In the 1990's I attended a dinner where a computer scientist (unnamed) gave a presentation about the Internet. The thrust of his presentation was he had brought the Internet to the USA. As he described his role, it became apparent he had little to do with it. Instead, it sounded like he was instructed step-by-step how to connect his computer located in the Bay Area to the Web. After I left the dinner, I couldn't stop laughing as my friend mimicked his self-inflating presentation: how he, and he alone, had brought the Internet to the US. Later I read Weaving the Web, and learned about the origin of the Web and the inventor actually responsible for the original design and destiny of the Web, Tim Berners-Lee. In reading that book, O'Reilly's HTTP: The Definitive Guide, Professor Comer's The Internet Book, Castro's HTML 4, and Steven's TCP/IP Illustrated, as well as building my web site, and working with clients on web applications, my interest grew. It's difficult to not take it for granted now, but I still find something so cool about all the world's computers connected in a Web.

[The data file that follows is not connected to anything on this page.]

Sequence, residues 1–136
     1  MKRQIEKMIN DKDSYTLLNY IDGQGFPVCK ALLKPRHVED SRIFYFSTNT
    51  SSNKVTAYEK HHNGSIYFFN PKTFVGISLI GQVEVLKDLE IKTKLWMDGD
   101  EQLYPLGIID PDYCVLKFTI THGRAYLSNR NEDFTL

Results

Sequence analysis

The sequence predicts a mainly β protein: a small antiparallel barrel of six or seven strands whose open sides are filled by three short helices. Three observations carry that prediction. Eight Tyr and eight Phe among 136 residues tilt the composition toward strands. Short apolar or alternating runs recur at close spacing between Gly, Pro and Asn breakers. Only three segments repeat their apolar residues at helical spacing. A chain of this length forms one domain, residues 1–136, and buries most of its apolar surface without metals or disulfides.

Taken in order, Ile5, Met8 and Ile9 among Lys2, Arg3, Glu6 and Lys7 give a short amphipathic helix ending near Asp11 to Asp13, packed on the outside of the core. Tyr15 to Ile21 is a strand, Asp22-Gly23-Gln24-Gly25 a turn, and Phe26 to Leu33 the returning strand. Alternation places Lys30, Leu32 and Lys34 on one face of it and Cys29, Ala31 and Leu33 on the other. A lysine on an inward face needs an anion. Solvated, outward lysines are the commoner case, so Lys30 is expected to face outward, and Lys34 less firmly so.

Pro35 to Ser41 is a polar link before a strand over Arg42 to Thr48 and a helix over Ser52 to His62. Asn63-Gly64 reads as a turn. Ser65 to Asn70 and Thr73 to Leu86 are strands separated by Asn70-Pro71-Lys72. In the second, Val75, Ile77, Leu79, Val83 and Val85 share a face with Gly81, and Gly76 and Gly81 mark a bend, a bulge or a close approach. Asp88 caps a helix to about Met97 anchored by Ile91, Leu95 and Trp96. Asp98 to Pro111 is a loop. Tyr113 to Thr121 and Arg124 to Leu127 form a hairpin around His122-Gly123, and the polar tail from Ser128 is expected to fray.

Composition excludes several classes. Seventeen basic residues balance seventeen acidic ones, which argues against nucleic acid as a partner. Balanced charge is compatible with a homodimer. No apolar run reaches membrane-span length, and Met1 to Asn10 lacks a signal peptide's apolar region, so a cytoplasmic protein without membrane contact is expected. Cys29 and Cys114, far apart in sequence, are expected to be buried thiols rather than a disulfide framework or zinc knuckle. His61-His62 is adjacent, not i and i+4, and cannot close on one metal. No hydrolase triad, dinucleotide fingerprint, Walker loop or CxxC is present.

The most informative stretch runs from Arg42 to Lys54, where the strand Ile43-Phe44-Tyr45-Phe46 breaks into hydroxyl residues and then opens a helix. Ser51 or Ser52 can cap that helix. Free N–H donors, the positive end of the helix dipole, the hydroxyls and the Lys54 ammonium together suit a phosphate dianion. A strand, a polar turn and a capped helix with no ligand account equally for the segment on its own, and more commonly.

Given my interest when Google led me to Bill Slawski's SEO by the Sea blog, I felt compelled to visit it, and see why a SEO blog would be flagged by Google patent alerts. It was surprising in a good way. It's a large and highly organized collection of literature on search engines and SEO. Mr. Slawski's blog notes he has spent the last six years gathering, reviewing, and discussing patent filings, white papers, and academic literature on search engines, how web pages are ranked, and how a web site and/or blog operator can optimize or at least avoid being penalized by the search engine operators. It's worth a look if you have an interest in how Web search, patents, and SEO intersect.
Copyright © 2012 Robert Moll. All rights reserved.